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ABSTRACT: Numerous signaling molecules have been shown to participate in the dynamic process of orofacial development. Among these signal mediators, members of the transforming growth factor beta (TGFbeta) superfamily have been shown to play critical roles. Developing orofacial tissue expresses TGFbeta and bone morphogenetic protein (BMP) mRNAs, their protein isoforms and TGFbeta- and BMP-specific receptors. All these molecules display unique temporospatial patterns of expression in embryonic orofacial tissue, suggesting functional roles in orofacial development. For example, the TGFbetas and BMPs regulate maxillary mesenchymal cell proliferation and extracellular matrix synthesis. This is particularly noteworthy in that perturbation of either process results in orofacial clefting. Although the cellular and phenotypic effects of the TGFbeta superfamily of growth factors on embryonic orofacial tissue have been extensively studied, the specific genes that function as effectors of these cytokines in orofacial development have not been well defined. In the present study, oligonucleotide-based microarray technology was utilized to provide a comprehensive analysis of the expression of the panoply of genes related to the TGFbeta superfamily, as well as those encoding diverse groups of proteins functionally associated with this superfamily, during orofacial ontogenesis. Of the 7000 genes whose expression was detected in the developing orofacial region, 249 have been identified that encode proteins related to the TGFbeta superfamily. Expression of some (27) of these genes was temporally regulated. In addition, several candidate genes, whose precise role in orofacial development is still unknown, were also identified. Examples of genes constituting this cluster include: TGFbeta1-induced antiapoptotic factor-1 and -2, TGFbeta-induced factor 2, TGFbeta1 induced transcript-1 and -4, TGFbeta-inducible early growth response 1, follistatin-like 1, follistatin-like 3, transmembrane protein with EGF-like and two follistatin-like domains (Tmeff)-1 and -2, nodal modulator 1, various isoforms of signal transducers and activators of transcription (Stat), notch, and growth and differentiation factors. Elucidation of the precise physiological roles of these proteins in orofacial ontogenesis should provide unique insights into the intricacies of the TGFbeta superfamily signal transduction pathways utilized during orofacial development.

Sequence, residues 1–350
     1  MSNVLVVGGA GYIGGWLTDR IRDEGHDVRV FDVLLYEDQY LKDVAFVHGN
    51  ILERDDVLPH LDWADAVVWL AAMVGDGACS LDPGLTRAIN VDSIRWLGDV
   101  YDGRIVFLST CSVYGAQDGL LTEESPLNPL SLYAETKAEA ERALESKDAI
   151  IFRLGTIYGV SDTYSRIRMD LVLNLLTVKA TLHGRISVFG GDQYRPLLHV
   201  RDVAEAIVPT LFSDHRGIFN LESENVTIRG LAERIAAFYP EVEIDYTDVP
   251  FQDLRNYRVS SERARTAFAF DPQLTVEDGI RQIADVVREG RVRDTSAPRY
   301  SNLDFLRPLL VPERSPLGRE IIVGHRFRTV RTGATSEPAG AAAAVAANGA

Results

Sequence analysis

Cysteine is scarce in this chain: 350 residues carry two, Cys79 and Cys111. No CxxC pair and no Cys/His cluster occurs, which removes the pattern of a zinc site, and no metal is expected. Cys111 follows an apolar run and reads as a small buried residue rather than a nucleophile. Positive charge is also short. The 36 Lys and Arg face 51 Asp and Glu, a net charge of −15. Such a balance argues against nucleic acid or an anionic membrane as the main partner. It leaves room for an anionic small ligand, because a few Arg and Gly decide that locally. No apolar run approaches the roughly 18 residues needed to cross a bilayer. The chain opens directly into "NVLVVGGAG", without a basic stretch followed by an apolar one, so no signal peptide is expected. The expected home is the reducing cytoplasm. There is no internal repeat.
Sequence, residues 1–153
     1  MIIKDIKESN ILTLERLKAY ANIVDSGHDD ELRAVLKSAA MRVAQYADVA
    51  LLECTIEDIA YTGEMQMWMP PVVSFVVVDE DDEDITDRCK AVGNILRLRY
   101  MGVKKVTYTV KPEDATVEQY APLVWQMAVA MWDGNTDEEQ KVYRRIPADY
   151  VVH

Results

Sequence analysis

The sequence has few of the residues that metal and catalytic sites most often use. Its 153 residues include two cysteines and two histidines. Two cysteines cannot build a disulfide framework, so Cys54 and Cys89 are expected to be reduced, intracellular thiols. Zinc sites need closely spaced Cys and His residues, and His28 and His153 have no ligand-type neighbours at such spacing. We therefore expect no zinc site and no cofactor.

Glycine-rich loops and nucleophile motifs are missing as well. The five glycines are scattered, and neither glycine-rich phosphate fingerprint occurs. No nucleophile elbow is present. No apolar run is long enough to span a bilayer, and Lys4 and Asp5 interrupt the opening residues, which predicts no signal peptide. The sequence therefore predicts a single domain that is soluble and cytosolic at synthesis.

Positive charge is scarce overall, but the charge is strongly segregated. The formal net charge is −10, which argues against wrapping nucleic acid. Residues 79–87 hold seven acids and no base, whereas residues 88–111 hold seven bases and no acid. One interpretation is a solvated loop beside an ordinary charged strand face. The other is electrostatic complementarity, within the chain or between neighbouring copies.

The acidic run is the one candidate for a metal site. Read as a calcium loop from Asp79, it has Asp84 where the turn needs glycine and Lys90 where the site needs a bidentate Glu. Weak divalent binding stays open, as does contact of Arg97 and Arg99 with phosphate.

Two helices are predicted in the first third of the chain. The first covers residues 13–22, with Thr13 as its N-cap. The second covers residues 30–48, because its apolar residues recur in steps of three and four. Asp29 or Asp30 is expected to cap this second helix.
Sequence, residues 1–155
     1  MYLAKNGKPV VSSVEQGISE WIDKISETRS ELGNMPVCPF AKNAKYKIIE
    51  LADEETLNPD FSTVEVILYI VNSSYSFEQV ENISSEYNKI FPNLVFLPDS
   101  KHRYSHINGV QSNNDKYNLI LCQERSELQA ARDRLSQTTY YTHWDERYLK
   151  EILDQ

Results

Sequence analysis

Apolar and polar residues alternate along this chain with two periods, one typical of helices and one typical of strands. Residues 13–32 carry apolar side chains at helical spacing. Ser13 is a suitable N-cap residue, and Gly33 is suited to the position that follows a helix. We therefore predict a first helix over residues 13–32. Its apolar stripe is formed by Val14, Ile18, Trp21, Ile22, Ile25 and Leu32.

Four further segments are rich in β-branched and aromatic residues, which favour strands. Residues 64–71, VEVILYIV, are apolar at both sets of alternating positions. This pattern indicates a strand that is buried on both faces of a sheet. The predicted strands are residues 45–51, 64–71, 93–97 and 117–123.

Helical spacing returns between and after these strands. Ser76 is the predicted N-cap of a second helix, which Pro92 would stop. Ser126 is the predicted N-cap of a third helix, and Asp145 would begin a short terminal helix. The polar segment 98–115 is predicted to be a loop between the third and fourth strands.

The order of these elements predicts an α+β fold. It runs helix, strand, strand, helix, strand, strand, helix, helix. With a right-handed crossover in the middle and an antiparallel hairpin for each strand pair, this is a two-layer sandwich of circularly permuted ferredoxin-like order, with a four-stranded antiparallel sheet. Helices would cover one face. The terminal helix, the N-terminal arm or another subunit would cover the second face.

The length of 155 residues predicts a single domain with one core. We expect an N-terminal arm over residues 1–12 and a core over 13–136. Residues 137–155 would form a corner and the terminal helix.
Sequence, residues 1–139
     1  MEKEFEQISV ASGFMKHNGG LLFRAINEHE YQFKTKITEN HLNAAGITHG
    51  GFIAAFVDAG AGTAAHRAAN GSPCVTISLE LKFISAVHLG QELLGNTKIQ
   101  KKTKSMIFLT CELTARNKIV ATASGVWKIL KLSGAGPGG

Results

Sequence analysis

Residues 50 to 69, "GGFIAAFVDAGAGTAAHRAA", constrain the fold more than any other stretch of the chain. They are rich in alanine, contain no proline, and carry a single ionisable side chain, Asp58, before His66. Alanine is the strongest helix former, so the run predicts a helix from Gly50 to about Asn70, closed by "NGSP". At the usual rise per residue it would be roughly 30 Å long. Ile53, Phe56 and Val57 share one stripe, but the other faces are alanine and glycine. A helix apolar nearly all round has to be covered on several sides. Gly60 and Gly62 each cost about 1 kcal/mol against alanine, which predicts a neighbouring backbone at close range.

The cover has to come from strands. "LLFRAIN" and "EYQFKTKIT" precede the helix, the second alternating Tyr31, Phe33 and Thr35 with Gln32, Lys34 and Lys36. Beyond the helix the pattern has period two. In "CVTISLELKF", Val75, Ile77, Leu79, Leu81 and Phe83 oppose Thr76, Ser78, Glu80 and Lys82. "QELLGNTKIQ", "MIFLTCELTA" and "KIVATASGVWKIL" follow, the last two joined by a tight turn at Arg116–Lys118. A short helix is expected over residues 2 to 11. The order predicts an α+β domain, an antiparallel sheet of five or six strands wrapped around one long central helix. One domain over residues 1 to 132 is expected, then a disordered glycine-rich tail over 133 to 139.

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ABSTRACT: Arsenic is a ubiquitous element that is a potential carcinogen and teratogen and can cause adverse developmental outcomes. Arsenic exerts its toxic effects through the generation of reactive oxygen species (ROS) that include hydrogen peroxide (H(2)O(2)), superoxide-derived hydroxyl ion, and peroxyl radicals. However, the molecular mechanisms by which arsenic induces cytotoxicity in murine embryonic maxillary mesenchymal (MEMM) cells are undefined. MEMM cells in culture were treated with different concentrations of pentavalent sodium arsenate [As (V)] for 24 or 48 hr and various end points measured. Treatment of MEMM cells with the pentavalent form of inorganic arsenic resulted in caspase-mediated apoptosis, accompanied by generation of ROS and disruption of mitochondrial membrane potential. Treatment with caspase inhibitors markedly blocked apoptosis. In addition, the free radical scavenger N-acetylcysteine dramatically attenuated arsenic-mediated ROS production and apoptosis, and exposure to arsenate increased Bax and decreased Bcl protein levels in MEMM cells. Taken together, these findings suggest that in MEMM cells arsenate-mediated oxidative injury acts as an early and upstream initiator of the cell death cascade, triggering cytotoxicity, mitochondrial dysfunction, altered Bcl/Bax protein ratios, and activation of caspase-9.